Morici's 'hypocrite capitalism' on display

Regarding Peter Morici's recent commentary about dealing with Chinese trade practices ("China currency bill: America fights back," Oct. 11), it would be easy to point out the many economic flaws with Mr. Morici's argument. To give just one example, it's not clear that an increasing value of the yuan will lead to more U.S. jobs because a significant portion of U.S. imports from China are inputs for things that are produced here in the U.S. Making imported inputs from China more expensive might actually reduce employment here.

However, when Mr. Morici is not bemoaning the "surging subsidized imports from China," he appears in television commercials for Kyocera copiers which are manufactured at a plant in China and two in Japan (another country with which the U.S. runs one of those awful trade deficit thingies). So, while President Barack Obama may typify "food co-op capitalism" and Speaker John Boehner may exemplify "knickers era capitalism," whatever they may be, Mr. Morici seems to practice "hypocrite capitalism." Perhaps Mr. Morici's next column can explain why pitching Chinese made copiers doesn't contribute to "destroying more American jobs than the mortgage crisis, too much business regulation and high health care costs combined," the ills that he claims result from Americans' trade with China.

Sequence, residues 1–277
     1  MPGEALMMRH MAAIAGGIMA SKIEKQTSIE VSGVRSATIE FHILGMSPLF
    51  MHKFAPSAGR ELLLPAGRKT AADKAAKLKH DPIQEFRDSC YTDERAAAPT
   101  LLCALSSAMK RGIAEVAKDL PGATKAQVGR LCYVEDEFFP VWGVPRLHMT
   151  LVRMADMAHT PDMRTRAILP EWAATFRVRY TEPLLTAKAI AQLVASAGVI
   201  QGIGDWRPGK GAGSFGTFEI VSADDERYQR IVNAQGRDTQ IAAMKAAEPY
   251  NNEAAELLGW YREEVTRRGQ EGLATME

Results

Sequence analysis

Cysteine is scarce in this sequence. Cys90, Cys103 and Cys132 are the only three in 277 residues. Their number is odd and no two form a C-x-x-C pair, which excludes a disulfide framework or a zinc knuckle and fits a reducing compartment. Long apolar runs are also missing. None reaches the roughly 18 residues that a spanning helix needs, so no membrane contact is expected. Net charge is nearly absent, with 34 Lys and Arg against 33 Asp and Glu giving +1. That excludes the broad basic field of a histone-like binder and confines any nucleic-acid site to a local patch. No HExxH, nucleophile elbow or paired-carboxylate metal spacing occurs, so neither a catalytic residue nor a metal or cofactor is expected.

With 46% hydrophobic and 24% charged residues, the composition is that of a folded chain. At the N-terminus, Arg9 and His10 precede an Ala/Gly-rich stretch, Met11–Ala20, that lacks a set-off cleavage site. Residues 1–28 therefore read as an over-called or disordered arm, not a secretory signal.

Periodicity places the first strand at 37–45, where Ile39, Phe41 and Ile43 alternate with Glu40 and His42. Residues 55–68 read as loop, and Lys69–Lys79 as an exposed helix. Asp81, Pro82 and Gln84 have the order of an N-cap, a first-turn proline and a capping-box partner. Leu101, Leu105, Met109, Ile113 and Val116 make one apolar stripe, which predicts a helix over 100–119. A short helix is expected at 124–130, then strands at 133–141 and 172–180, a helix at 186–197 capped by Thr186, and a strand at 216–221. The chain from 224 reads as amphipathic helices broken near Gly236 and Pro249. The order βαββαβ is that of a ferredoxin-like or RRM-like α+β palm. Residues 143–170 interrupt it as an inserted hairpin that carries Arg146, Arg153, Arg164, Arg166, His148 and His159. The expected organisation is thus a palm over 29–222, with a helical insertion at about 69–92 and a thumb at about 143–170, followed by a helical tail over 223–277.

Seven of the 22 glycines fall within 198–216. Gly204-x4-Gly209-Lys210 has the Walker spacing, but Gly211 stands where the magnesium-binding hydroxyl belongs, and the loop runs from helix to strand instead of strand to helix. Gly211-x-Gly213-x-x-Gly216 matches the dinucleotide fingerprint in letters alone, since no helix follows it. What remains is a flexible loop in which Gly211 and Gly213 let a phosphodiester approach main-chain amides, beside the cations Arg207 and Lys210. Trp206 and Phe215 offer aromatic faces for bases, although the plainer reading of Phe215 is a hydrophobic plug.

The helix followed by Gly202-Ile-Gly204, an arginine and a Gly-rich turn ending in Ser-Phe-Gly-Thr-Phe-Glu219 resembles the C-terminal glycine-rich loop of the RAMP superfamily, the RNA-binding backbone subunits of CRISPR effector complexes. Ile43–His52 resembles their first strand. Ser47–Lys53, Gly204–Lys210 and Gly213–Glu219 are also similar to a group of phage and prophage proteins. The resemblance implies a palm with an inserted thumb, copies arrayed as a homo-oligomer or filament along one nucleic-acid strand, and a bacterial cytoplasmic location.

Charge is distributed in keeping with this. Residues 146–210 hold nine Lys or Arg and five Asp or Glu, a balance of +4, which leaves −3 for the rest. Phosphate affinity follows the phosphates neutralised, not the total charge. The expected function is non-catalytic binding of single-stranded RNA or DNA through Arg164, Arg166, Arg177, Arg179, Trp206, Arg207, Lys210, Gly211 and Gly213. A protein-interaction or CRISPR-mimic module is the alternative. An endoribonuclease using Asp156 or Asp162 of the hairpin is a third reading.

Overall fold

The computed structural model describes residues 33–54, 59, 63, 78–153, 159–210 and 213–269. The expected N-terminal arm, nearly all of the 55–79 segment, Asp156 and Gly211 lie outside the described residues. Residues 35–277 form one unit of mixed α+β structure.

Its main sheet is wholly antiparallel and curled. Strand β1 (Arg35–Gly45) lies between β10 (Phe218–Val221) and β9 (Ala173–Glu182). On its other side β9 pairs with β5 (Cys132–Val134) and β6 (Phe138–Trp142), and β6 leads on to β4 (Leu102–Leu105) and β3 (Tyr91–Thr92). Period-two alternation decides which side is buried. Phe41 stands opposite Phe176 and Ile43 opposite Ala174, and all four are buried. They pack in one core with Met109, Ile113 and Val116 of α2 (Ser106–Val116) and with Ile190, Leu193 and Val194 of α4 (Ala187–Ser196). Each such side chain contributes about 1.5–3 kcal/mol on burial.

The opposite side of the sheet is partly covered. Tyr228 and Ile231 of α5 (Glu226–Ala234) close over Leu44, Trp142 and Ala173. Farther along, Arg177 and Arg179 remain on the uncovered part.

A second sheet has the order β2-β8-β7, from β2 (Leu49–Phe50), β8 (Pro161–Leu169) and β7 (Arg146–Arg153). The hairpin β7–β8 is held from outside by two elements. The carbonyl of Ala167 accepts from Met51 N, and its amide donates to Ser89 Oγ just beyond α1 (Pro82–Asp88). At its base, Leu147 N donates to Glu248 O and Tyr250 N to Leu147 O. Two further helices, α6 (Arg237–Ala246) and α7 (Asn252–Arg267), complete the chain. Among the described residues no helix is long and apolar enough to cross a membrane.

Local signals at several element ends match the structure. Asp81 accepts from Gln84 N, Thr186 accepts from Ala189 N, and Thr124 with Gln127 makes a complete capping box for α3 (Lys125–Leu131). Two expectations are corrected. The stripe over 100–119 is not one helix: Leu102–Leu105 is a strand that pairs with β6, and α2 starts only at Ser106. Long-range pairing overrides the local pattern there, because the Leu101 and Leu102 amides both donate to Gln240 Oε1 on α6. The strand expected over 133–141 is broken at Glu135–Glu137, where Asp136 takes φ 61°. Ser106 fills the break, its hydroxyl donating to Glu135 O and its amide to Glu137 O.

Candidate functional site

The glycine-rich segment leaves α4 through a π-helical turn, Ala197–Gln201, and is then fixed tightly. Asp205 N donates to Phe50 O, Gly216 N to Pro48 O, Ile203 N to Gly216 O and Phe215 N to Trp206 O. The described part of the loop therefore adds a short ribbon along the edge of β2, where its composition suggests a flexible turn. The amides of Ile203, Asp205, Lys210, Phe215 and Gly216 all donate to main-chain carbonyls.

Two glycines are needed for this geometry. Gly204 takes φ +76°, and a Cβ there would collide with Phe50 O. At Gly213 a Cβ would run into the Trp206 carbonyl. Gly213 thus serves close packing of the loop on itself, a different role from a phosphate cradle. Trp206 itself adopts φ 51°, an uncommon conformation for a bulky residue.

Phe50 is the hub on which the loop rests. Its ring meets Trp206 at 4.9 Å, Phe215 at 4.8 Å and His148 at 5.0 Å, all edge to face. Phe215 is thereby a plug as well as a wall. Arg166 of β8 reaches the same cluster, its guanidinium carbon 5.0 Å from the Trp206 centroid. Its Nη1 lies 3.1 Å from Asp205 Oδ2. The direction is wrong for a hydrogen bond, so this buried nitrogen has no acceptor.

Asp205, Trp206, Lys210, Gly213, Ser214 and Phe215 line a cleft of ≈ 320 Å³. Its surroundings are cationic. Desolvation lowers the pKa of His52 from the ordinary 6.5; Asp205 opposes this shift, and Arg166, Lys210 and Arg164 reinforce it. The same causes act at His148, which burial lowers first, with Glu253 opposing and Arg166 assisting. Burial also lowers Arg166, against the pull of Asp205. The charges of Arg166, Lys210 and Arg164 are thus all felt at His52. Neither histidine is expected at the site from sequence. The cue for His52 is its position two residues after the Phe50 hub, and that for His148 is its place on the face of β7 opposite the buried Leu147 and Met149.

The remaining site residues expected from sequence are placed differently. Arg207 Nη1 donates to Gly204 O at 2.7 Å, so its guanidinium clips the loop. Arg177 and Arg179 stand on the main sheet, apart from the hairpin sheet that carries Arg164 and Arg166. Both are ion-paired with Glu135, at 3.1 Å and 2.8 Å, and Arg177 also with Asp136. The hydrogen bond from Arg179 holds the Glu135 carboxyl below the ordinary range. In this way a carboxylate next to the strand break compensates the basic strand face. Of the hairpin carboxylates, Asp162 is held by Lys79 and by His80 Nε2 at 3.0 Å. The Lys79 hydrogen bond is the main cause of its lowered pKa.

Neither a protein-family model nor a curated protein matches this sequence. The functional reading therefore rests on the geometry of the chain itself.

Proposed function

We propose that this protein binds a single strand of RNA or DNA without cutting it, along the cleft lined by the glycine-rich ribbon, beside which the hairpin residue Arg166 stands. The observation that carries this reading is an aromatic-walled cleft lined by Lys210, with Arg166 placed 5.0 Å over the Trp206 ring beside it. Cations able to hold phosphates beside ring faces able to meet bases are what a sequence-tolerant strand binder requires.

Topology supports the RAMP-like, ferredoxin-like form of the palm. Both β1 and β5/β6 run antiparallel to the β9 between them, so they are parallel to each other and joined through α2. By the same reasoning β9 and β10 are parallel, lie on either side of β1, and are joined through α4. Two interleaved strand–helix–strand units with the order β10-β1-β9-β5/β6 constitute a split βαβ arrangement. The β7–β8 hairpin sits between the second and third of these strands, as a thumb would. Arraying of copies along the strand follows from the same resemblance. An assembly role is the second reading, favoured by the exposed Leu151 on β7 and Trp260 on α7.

E. Frank Stephenson, Mount Berry, Ga.

The writer is professor of economics at Berry College.

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